Logo of Phnom Penh Post newspaper Phnom Penh Post - Tomato Specialized Bank makes giant strides in Cambodia



Tomato Specialized Bank makes giant strides in Cambodia

Content image - Phnom Penh Post

Tomato Specialized Bank makes giant strides in Cambodia

Tomato Specialized Bank (TSB) has had a tumultuous innings in Cambodia.

Right from its inception in 2008, the bank has been experiencing a series of poor performances. In 2015, for instance, TSB’s net profit amounted to $78,000 and a high non-performing loan (NPL) ratio of 14.4 percent.

However, things have taken a turn for the better for TSB with the introduction of advanced bank operation practices with active loan disbursements.

TSB experienced a phenomenal spike in growth in business performances, recording a net profit of $643,000, and a NPL ratio of 1.6 percent. This was a first for the bank, and alongside this feat the assets also grew 9.8 percent from US$8.8 million to US$9.7 million within a year. Its return on assets (ROA) has inched towards a healthy 6.6 percent, clearly outperforming most banks in the Kingdom.

Content image - Phnom Penh Post

“Within a year, TSB had made remarkable accomplishments with the help of our valued customers and capable staff. The new practices we have introduced has managed to yield benefits. We are pushing forward and now all eyes are on 2017 and we are excited to see how we go about growth figures”, said DooYoon Kim, who joined TSB as CEO in January 2016.

TSB kick-starts CSR in Cambodia

As TSB expects to continue to grow this year, plans are in the works to give back. TSB has also been vociferously engaging in community outreach through multiple corporate social responsibility (CSR) activities. Two causes close to their heart include helping the underprivileged and supporting the arts. The recently concluded art exhibition held at Java Café was supported financially by the bank. It was their attempt to support young Cambodian artists.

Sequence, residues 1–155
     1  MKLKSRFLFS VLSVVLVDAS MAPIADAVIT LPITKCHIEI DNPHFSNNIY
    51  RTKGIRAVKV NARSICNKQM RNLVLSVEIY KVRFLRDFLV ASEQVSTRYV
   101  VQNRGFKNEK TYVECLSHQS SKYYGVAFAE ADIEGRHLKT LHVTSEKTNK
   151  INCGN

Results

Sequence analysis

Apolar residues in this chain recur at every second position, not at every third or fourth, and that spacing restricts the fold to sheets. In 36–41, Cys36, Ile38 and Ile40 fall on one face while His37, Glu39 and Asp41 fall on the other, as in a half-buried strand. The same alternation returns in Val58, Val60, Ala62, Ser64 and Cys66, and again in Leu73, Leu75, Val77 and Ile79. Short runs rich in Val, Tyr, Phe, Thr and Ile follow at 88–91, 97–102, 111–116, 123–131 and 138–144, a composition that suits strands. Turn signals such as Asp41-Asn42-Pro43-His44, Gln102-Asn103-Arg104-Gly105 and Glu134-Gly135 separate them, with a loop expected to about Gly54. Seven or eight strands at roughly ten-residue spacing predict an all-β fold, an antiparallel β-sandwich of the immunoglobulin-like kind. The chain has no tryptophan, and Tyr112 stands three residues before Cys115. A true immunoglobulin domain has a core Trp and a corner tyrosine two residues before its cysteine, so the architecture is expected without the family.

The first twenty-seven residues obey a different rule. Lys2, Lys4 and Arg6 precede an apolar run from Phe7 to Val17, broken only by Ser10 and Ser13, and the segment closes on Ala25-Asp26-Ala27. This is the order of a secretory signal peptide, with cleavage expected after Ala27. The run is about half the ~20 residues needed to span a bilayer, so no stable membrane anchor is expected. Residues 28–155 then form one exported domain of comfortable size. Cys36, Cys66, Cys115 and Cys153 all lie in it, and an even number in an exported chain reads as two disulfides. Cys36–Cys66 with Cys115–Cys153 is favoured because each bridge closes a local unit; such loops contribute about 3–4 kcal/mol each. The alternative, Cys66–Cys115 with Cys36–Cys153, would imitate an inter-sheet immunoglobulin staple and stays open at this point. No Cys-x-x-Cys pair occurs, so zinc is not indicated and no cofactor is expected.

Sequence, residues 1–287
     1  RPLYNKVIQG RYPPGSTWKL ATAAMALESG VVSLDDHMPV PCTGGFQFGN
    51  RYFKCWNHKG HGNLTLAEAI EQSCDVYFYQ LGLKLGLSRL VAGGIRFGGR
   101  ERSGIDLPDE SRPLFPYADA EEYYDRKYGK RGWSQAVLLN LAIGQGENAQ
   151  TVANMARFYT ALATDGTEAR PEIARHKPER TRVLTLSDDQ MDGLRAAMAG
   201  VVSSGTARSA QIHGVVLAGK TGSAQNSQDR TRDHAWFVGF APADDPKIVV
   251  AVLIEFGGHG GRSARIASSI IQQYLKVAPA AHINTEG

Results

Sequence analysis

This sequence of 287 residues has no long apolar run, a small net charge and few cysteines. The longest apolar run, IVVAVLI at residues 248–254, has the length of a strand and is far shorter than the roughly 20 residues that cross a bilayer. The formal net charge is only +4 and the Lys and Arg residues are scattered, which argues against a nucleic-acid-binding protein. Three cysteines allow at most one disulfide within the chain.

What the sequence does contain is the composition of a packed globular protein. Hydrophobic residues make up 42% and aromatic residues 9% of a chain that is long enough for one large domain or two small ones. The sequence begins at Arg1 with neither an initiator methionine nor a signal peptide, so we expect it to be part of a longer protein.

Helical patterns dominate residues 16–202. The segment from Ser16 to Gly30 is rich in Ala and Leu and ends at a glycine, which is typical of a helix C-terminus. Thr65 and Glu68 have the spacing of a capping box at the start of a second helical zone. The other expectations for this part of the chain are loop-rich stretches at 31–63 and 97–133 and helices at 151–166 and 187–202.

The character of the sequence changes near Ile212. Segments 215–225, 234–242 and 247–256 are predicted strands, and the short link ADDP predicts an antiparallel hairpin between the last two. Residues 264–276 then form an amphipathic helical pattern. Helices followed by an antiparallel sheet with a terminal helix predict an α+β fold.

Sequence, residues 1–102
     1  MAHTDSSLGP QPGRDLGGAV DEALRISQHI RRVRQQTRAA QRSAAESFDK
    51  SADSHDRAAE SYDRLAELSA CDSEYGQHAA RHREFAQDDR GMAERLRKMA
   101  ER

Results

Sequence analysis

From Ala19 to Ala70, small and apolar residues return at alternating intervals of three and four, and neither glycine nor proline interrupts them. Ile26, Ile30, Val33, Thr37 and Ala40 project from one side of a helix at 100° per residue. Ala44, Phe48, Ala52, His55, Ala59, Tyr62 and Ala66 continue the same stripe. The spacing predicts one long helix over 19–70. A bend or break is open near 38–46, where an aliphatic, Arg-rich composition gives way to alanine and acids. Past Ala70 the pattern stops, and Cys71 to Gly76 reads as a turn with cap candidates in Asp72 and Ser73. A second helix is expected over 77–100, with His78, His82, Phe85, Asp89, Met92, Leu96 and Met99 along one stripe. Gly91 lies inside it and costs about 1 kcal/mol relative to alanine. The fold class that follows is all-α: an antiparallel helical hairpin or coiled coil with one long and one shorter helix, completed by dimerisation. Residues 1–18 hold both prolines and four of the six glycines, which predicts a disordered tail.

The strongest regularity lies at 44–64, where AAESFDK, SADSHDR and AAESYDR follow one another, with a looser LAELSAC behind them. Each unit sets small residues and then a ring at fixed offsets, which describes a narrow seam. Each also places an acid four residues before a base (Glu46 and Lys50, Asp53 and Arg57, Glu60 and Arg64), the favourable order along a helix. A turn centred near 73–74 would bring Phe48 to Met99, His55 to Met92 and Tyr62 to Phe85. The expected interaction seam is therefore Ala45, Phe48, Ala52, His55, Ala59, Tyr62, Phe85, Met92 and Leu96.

“Artists of most countries, including developed countries, experience difficulties in pursuing their dream, mostly due to economic reasons. I have thought of ways for TSB to return the benefits it has enjoyed to Cambodian people, and one way is to support young and talented artists in Cambodia, who have had little opportunity to exhibit their talents,” Kim said.

He went on to add, “I once read an article from The Phnom Penh Post which reported that gifted Cambodian artists were giving up the arts to become tuk-tuk drivers instead. I understand that most Cambodian people do not have enough time and money to enjoy the arts yet.

“However, sometime in the future, when Cambodia becomes a more developed country, there will be a genuine demand for cultural abundance to enhance the quality of their lives. Trying to foster such artists then would be too late.”

TSB launches new microloan
In September last year, TSB introduced a special microloan with a one percent interest rate per month. This scheme attracted many Cambodian customers who borrowed the loans with higher interest rates from other banks and microfinance institutions (MFIs). With the loan project, TSB’s new loan applications tripled during the last three months.

Kim further explained: “In the wake of the global financial crisis, many developed countries lowered their benchmark interest rates to historical low levels. Some countries announced unprecedented minus interest rates. It implies that local banks, financing from developed countries, are able to lower their interest rates, thereby benefitting Cambodians.”